More Q&A about PrEP:

Does PrEP work?

When taken as prescribed, PrEP blocks HIV from taking hold in the body, even if you were to come in contact with it. Canadian experts agree that uninterrupted daily use of PrEP is a highly effective strategy for reducing the risk of infection with HIV in adults who are at high, ongoing risk of infection.

What are the actual medications in PrEP?

PrEP is a pill for people who do not have HIV who want added protection. It contains two anti-HIV drugs called tenofovir disoproxil fumarate (TDF) and emtricitabine (FTC). The common brand name of this medication is Truvada® but the combination pill of TDF/FTC is now available in Canada as a generic formulation.

How do I take PrEP?

In Canada, PrEP has been approved as a once daily medication to be taken consistently, every day. Your provider may have discussions with you about other studies and methods of taking PrEP, depending on your lifestyle and risk. For now, PrEP is taken as 1 tablet, once daily, with or without food.

Are there any side effects?

Many people on PrEP report no or minimal side effects. Others may at first experience mild symptoms such as headache, abdominal pain and weight loss. These side effects tend to go away after about a month of being on PrEP. If you have any questions or concerns about side effects, consult your health care provider or one of our HIV expert pharmacists at 1-800-727-5048 or email

Long term use of PrEP may lead to a modest decline in kidney function and bone density. Your provider will monitor this and studies have shown that both of these declines are likely reversible after stopping PrEP. 

How do I get started on PrEP?

You will need to obtain a prescription for PrEP from a health care provider, such as a medical doctor or nurse practitioner. Once you have found a provider or health center that provides PrEP, you will likely be asked some questions to help you determine if PrEP is a good fit for you. This may include questions about your sexual history and your use of condoms. Before you can start PrEP you will need to take an HIV test to ensure you do not already have the virus, as well as have your kidney function checked and be tested for hepatitis B and C viruses.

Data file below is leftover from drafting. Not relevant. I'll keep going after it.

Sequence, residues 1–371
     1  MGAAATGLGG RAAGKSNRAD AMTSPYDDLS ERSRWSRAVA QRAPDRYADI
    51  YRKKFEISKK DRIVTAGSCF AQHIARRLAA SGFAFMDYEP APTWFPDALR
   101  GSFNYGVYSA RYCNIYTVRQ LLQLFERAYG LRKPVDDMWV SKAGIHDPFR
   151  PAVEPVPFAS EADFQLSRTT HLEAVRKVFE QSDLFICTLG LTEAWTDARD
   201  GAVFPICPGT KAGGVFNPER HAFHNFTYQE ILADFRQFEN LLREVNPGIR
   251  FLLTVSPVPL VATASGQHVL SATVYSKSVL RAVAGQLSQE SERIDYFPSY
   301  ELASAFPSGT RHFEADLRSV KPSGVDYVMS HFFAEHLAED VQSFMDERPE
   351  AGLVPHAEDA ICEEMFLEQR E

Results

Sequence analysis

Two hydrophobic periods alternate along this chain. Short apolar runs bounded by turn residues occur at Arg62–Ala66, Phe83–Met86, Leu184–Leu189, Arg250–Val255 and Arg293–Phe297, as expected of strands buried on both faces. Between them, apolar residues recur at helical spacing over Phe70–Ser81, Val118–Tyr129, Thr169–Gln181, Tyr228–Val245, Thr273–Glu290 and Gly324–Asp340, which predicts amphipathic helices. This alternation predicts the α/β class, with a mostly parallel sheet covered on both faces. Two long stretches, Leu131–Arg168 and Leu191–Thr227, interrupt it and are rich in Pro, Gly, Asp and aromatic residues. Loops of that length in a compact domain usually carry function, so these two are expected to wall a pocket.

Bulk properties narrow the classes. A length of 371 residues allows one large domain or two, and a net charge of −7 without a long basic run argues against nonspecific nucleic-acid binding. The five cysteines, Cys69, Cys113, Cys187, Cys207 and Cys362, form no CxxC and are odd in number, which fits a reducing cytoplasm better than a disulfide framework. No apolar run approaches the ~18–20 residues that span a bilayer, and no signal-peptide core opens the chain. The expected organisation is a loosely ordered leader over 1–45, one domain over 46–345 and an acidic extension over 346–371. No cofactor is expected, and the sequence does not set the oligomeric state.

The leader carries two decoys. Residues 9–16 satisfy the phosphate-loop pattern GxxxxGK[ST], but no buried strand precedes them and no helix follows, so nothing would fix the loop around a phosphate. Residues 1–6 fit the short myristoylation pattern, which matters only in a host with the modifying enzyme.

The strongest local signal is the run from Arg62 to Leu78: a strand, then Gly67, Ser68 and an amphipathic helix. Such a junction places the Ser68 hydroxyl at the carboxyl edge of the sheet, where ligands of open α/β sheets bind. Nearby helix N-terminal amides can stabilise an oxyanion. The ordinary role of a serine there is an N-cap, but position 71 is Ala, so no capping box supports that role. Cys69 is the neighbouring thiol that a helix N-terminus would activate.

Once the test has confirmed you don’t have HIV, you can get a prescription for PrEP. Sometimes the first supply will be for one month, after which time you will be asked to return so your provider can see how you are responding to PrEP. If all is going well, you should receive three-month prescriptions from there on out. This means you’ll need to have check-ups four times a year, at each of which you’ll be re-tested for HIV as well as possibly have other labwork including screening for other sexually transmitted infections (STIs).  

Where can I find a doctor to get PrEP?

Your family doctor or nurse practitioner can prescribe PrEP, there are no special requirements or certification required. If your health practitioner is unfamiliar or reluctant to undertake PrEP therapy there are several web-based resources that may help you identify a physician who prescribes PrEP. One such Ontario based resource** is prep/ 

** Please note that we provide this link as an information resource only and not as an endorsement or verification of any practitioner listed. You are responsible for determining the suitability of any practitioner on any web based resource list.

Do I have to use a condom if I take PrEP?

PrEP only protects against HIV. Routine screening for sexually transmitted infections (STIs) is part of maintaining a prescription for PrEP. Going on PrEP can help you more promptly diagnose and treat any STIs you may contract. We know that consistent use of condoms provides protection against other STIs, in particular gonorrhea and chlamydia. For that reason, condoms are still recommended as part of safer sex strategies.

What if I miss a dose of PrEP?